The Exorcism of Emily Rose / Anneliese Michel

It was a Friday night and I thought, “I haven’t seen a good horror film in years.” So I put on The Exorcism of Emily Rose, a film I was curious about, and started to watch it at 12.30 in the night, hoping to be spooked in the middle of the night – a somewhat inexplicable thrill that many of us, nonetheless, like to experience.

The film is based on a true story, that of a German girl called Anneliese Michel, who died in 1976, while in her early 20s. Anneliese experienced what she considered demonic possession. Her body would contort into unusual postures,  she would scream in many horrifying voices, speak in ancient languages, eat insects, and lick her own urine off the floor. Anneliese was diagnosed by a neurologist and a psychiatrist as having epilepsy which developed into psychosis. She was put on medication but her condition worsened over the years.

Eventually, her family contacted a Catholic priest who diagnosed her to be possessed and obtained permission from the Church to exorcise Anneliese. The exorcisms, continuing over several months, were not successful, and Anneliese eventually died because of the cumulative injuries that were inflicted upon her by herself during these possession episodes. She had stopped eating many weeks before, which made it impossible for her body to recuperate from these injuries, her body weighing only about 35 kg when she died. Anneliese had also stopped psychiatric medication, on the recommendation of the Catholic priest, as both Anneliese and the priest felt that she was not benefiting from it, and rather, it was obstructing the exorcism rituals.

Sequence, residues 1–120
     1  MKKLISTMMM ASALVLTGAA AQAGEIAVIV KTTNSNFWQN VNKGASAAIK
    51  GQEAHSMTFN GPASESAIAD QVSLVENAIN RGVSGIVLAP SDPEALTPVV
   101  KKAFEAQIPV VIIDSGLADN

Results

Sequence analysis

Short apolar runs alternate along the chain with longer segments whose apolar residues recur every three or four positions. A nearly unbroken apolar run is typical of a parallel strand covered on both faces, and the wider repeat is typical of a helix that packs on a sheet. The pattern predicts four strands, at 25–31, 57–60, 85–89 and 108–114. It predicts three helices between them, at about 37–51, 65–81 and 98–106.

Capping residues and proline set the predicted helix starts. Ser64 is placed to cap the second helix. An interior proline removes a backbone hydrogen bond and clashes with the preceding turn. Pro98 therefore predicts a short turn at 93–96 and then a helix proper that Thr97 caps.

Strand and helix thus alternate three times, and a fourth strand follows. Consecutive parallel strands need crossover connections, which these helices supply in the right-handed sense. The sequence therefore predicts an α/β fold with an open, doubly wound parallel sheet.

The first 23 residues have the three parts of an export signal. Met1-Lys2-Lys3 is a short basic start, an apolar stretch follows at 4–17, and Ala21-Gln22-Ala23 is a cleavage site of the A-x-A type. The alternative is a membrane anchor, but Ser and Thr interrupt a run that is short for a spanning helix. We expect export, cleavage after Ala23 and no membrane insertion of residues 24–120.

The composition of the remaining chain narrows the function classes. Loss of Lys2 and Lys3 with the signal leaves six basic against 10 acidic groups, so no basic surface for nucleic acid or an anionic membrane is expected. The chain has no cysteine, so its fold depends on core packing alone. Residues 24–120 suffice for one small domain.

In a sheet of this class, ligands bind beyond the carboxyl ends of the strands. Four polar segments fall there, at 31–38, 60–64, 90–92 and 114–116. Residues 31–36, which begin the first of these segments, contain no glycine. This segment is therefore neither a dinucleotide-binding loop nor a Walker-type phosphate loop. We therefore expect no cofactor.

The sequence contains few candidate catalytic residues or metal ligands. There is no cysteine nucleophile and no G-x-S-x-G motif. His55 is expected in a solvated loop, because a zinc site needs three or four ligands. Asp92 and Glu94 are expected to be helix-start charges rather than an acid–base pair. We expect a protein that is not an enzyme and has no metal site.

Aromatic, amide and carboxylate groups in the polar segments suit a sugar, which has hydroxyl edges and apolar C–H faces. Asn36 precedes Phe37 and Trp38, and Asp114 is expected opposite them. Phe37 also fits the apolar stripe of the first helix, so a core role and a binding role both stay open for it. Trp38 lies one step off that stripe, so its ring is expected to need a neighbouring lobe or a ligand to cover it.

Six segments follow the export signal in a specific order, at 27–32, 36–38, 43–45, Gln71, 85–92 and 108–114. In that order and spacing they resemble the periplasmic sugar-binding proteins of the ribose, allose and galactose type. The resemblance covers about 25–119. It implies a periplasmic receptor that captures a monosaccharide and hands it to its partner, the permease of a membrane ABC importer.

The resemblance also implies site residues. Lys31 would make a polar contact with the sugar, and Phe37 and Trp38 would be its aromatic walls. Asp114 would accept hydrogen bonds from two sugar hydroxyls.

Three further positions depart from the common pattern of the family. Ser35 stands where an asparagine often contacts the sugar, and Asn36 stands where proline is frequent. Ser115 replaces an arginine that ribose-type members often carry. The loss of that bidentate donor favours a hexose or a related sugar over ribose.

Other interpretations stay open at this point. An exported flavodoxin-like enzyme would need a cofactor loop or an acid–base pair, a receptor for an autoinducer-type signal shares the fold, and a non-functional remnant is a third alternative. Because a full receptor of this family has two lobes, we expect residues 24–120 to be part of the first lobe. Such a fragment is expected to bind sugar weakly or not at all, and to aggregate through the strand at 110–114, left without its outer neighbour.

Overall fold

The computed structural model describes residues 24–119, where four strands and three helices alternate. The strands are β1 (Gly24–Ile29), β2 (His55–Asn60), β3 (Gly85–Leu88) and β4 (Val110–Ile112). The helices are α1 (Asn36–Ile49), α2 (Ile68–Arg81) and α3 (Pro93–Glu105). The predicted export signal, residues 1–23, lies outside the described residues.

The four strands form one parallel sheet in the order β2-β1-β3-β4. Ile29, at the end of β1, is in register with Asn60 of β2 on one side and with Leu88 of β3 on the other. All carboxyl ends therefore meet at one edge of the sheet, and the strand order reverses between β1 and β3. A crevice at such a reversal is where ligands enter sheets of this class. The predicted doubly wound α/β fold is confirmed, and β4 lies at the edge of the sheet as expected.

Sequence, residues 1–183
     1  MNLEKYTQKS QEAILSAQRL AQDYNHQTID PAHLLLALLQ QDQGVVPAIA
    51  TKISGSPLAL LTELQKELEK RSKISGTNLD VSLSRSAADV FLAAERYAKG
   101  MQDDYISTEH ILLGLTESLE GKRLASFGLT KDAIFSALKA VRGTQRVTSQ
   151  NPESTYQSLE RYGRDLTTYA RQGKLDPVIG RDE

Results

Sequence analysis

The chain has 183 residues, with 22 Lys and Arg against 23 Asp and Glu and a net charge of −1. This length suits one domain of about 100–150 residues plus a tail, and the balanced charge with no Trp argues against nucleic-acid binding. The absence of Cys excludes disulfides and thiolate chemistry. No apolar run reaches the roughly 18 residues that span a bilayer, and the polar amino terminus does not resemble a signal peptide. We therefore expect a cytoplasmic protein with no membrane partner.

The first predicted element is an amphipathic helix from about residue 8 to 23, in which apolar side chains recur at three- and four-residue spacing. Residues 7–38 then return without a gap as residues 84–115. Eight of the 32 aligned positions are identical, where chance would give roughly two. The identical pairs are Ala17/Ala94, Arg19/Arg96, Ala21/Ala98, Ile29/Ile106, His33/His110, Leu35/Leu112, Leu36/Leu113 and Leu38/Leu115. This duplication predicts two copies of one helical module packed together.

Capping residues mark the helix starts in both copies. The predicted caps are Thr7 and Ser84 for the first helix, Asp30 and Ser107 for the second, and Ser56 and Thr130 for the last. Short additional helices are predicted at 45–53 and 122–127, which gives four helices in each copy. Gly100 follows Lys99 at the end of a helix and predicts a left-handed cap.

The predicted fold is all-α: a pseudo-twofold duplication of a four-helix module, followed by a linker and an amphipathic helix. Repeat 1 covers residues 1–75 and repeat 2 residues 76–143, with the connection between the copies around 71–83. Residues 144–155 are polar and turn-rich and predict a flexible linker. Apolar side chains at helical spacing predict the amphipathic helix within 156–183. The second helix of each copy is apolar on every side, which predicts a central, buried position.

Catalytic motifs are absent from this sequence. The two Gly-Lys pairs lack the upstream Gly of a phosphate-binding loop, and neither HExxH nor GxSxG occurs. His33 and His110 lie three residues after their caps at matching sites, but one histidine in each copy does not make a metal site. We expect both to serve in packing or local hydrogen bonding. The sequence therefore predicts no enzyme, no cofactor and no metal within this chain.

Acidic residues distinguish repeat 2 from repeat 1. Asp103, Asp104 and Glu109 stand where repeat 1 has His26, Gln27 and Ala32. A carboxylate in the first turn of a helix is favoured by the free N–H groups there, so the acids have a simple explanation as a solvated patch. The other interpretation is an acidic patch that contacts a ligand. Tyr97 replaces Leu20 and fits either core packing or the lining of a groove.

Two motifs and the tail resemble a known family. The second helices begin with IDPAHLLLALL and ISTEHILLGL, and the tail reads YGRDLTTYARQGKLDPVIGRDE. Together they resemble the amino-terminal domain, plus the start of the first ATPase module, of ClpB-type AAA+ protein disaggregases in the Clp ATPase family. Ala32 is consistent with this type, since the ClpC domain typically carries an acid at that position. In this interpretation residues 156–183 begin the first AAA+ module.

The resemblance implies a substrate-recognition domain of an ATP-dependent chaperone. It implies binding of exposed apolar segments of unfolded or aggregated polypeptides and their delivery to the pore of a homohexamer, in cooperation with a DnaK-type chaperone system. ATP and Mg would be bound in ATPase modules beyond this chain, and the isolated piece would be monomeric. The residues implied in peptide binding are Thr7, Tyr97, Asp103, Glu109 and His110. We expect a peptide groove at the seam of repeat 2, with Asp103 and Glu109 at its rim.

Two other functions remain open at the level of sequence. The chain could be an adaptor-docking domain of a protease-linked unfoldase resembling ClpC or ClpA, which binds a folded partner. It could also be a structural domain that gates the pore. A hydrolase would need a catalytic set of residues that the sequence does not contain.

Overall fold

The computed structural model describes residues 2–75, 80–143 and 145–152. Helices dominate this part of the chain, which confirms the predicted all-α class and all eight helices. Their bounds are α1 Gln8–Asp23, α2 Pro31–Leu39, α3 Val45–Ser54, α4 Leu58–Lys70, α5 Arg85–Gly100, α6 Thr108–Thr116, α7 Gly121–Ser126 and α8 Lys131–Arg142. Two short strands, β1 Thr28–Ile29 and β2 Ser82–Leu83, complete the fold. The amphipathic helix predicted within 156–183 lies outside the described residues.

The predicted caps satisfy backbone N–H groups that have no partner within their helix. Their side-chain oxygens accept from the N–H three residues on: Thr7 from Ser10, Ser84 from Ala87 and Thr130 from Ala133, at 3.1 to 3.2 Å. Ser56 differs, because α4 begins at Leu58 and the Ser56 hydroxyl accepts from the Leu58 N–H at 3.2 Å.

After her death, the priests and the family were found guilty of neglectful homicide by the court and sent to jail. Anneliese’s grave has now become an informal pilgrimage site, even though the Catholic Church has never recognized her as an exceptionally spiritual person.

The Exorcism of Emily rose is a courtroom drama about this trial, interspersed with episodes from Anneliese’s (in this film, called Emily) life. Parts of the film are quite disturbing in the way they evoke fear in the viewer, sometimes in a subtle manner and at other times in a more grotesque, less effective one. What one really remembers of the film, however, are courtroom debates about the reality of the demonic world, of possessions and exorcisms, and of the interpretations modern science gives to them. Also very engaging is the story of Erin, the lawyer who defends the priest, and faces incidents that make her question her own agnostic worldview.

Significantly, in the film, Father Moore, the priest, reveals that Emily saw an apparition of the Virgin Mary, who told her that she was being possessed by demons so that the world knows that there is a spiritual reality, that things exist beyond what science can perceive for them. In a world that has largely turned away from religion, this was seen as one way of helping people understand what reality really is, and Emily’s life was a sacrifice for that, just like Christ’s. Father Moore believes that in the years to come, Emily will be regarded as a saint for having allowed this to happen to her body, despite tremendous suffering.

What is the truth? Demonic possession or psychosis, or both?